Scholarship funds may only be used for associate degrees or industry credentials in high-demand careers such as manufacturing, healthcare, computer science and information technology, transportation distribution and logistics, or construction.

Below are examples of the programs that would be targeted:

  • Agriculture and natural resources-Examples: forestry management, horticulture, landscape design and management, sustainable agriculture.
  • Architecture and construction-Examples: architectural design, building construction,  HVAC, plumbing, residential and commercial electrician
  • Arts and communication- Examples: graphics, digital design, and production, film production, media arts production.
  • Business, marketing, and finance-Examples: accounting, administrative support, entrepreneurship.
  • Education and human services-Examples: child care management, special education, teacher education.
  • Health sciences-Examples: emergency medical technician, nursing, medical laboratory technology, surgical technology.
  • Hospitality and tourism-Examples: culinary arts, hospitality, and tourism management.
  • Information technology-Examples: computer technology, cybersecurity, database development, network administration.
  • Law and public safety-Examples: criminal justice technology, fire science, paralegal, police pre-academy training.
  • Manufacturing-Examples: aviation and aircraft maintenance, industrial maintenance, welding.
  • Science, technology, engineering, mathematics (STEM)-Examples: computer engineering technology, construction engineering technology, civil engineering, engineering graphics, and design.
  • Transportation and logistics-Examples: commercial truck driving, diesel maintenance, and repair, logistics.

Earlier this year, McMaster awarded $12 million in GEER funds to the S.C Technical College System to provide short-term training programs in critical workforce areas at no cost to the individual, according to the governor's office. The funds are used to help with the costs of tuition, fees, textbooks, and materials for up to $5,000 per participant.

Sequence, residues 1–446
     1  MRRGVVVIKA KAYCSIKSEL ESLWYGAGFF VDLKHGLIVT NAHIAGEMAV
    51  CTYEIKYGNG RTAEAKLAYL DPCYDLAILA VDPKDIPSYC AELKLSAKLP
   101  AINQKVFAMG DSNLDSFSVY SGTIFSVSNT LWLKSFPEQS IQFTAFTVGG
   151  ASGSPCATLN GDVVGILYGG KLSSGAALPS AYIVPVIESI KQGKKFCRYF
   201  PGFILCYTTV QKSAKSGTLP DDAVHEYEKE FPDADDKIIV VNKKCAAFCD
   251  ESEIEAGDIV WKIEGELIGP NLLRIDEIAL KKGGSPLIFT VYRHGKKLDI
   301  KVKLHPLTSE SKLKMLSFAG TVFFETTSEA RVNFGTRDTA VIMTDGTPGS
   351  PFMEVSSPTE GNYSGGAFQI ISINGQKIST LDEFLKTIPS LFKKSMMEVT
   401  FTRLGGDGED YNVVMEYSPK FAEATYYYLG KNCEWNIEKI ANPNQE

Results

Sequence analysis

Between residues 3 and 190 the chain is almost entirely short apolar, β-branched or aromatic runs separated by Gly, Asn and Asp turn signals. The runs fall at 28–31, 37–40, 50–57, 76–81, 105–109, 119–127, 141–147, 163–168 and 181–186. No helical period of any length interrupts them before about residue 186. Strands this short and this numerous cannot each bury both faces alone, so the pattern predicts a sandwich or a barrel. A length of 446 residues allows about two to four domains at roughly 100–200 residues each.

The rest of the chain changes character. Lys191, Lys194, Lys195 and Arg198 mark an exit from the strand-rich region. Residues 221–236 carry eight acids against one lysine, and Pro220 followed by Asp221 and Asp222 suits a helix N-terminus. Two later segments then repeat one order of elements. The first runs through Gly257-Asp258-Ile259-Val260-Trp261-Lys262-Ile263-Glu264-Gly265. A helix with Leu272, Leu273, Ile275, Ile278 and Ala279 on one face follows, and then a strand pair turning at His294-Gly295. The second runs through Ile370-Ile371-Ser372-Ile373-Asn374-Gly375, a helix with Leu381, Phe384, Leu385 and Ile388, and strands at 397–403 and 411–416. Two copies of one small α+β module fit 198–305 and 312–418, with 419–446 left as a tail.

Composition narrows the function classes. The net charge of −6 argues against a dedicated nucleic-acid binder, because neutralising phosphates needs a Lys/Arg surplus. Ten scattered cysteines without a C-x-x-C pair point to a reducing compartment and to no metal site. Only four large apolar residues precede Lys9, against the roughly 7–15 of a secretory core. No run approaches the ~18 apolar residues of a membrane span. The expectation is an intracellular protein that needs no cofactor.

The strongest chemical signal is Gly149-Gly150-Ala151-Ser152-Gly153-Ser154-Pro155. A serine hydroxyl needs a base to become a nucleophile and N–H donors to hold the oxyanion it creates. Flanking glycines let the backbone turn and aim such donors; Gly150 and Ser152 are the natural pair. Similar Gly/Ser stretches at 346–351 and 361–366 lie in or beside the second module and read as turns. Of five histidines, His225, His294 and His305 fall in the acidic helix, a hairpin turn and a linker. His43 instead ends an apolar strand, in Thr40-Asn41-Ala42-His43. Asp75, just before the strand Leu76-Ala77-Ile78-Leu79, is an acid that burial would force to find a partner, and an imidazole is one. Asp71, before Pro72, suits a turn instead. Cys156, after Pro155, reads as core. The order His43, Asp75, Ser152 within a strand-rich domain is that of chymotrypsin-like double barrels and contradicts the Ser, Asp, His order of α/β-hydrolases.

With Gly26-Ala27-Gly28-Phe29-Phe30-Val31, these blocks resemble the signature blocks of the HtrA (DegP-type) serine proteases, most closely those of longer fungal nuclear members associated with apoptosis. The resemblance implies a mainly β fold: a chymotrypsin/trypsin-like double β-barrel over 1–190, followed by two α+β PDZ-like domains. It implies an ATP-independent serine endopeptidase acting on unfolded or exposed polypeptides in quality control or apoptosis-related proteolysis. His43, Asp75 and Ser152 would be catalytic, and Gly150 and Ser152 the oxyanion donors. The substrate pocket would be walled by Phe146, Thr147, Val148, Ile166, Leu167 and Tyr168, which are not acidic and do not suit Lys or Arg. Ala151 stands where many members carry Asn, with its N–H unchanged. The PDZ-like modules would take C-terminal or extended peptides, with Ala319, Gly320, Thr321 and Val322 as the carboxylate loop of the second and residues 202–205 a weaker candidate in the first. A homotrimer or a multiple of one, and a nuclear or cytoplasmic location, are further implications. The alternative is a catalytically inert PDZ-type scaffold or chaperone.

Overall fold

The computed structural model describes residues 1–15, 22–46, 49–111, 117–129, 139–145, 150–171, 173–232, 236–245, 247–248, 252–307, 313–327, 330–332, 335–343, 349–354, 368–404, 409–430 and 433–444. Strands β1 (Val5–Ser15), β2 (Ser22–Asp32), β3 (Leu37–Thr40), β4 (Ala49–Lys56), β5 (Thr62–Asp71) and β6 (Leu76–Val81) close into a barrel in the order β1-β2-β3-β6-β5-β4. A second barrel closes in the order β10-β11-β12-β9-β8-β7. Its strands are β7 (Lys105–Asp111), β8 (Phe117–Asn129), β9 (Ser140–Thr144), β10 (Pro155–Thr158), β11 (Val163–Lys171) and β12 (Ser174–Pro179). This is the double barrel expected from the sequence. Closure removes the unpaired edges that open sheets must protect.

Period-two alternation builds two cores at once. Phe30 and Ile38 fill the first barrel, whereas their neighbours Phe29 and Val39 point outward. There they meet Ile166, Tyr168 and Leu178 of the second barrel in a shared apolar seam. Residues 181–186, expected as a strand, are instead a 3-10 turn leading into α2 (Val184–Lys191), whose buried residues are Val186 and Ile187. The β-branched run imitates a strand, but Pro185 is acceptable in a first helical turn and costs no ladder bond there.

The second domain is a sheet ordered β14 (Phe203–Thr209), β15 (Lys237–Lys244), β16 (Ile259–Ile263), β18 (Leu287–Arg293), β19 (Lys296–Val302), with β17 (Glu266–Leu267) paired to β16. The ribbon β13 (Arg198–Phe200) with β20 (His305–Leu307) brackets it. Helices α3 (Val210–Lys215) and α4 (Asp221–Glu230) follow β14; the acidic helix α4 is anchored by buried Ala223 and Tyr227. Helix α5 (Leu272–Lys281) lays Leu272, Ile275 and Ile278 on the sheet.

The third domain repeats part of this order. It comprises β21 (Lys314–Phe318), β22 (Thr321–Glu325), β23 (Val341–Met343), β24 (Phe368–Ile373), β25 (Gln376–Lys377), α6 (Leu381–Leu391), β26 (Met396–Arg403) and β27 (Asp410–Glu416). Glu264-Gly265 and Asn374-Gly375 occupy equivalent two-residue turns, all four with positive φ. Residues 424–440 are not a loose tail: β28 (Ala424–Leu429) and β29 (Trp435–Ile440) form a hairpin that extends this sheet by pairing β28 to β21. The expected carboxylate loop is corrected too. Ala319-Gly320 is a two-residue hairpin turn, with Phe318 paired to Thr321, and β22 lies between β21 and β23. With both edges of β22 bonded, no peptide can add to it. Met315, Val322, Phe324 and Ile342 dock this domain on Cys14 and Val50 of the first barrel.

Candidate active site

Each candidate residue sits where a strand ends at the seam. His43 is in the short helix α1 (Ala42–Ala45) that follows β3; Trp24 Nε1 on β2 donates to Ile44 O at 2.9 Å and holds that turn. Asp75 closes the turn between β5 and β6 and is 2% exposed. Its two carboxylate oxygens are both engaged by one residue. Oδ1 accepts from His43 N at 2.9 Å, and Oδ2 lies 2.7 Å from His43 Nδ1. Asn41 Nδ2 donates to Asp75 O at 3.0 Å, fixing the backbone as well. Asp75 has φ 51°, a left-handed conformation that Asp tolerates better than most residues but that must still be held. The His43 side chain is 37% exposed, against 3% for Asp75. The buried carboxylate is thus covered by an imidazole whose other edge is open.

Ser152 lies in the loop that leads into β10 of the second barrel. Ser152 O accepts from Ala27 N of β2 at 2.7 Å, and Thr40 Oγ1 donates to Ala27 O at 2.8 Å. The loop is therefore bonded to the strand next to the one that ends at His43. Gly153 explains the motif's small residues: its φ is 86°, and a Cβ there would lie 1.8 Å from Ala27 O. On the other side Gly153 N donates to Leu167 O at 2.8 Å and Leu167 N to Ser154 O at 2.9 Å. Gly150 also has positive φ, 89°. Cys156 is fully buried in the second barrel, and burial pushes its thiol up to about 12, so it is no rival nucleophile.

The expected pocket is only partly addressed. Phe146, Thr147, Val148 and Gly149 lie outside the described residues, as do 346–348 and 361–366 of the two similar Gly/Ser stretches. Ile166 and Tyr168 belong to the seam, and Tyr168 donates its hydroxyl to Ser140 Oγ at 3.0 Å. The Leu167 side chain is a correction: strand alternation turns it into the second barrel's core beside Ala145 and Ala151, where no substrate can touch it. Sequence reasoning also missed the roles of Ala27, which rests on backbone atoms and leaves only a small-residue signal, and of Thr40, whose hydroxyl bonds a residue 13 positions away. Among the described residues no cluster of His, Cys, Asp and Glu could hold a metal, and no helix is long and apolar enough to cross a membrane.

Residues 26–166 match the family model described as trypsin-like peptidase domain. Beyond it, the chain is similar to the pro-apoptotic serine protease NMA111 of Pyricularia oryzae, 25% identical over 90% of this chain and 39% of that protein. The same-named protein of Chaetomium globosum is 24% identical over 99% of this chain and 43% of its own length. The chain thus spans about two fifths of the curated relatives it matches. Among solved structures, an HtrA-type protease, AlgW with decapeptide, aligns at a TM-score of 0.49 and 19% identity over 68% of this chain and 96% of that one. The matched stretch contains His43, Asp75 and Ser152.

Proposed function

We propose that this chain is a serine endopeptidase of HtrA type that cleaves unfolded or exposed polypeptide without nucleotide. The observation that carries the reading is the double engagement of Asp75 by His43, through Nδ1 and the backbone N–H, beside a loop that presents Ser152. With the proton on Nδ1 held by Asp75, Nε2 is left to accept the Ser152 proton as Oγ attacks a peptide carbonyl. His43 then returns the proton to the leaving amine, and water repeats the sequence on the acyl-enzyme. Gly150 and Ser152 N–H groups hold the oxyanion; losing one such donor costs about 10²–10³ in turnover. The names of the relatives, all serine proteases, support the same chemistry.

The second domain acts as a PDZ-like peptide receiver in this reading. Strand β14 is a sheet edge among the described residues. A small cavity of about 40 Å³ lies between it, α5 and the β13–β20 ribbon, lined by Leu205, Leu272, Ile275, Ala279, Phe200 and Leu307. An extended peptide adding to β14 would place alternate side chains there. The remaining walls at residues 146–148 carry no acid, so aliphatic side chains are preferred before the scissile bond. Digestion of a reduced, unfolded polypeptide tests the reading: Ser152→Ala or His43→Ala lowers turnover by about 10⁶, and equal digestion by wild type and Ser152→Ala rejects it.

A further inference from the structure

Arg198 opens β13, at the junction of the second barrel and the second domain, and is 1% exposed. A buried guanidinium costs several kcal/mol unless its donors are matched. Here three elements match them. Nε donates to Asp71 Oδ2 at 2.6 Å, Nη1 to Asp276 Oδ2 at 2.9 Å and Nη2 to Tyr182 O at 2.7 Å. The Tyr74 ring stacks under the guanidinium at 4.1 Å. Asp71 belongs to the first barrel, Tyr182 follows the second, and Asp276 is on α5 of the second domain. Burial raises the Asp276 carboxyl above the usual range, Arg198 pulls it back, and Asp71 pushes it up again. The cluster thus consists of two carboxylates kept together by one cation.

These short-term training programs last up to 12 weeks in critical workforce areas and individuals can earn an industry-recognized credential or certificate in those areas. Approximately 5,000 individuals will have completed retraining programs by the end of the calendar year.

Currently, approximately 100,000 adults attend continuing education courses at the 16 state technical colleges and 50,000 attend credit-bearing courses. The Workforce Scholarships for the Future Program is anticipated to increase enrollment by 15,000.

"We are going to double down and triple down and do it better and add associate degrees," said McMaster at the press conference. "We couldn't be doing this if we didn't have the best technical college system in the world. I don't know of anywhere in the country that is running a program like this. Every time we communicate and collaborate, South Carolina wins. I am confident it's going to work."

Education and Family Issues Reporter Krys Merryman can be reached at 864.420.7111 or kmerryman@greenvillenews.com. Continue the conversation or join a new one on our Education and Family Issues in Greenville Facebook page or on Twitter @krys_merryman.

Source : https://www.greenvilleonline.com/story/news/local/south-carolina/2021/11/03/covid-education-relief-money-could-pay-high-demand-job-training/6254382001/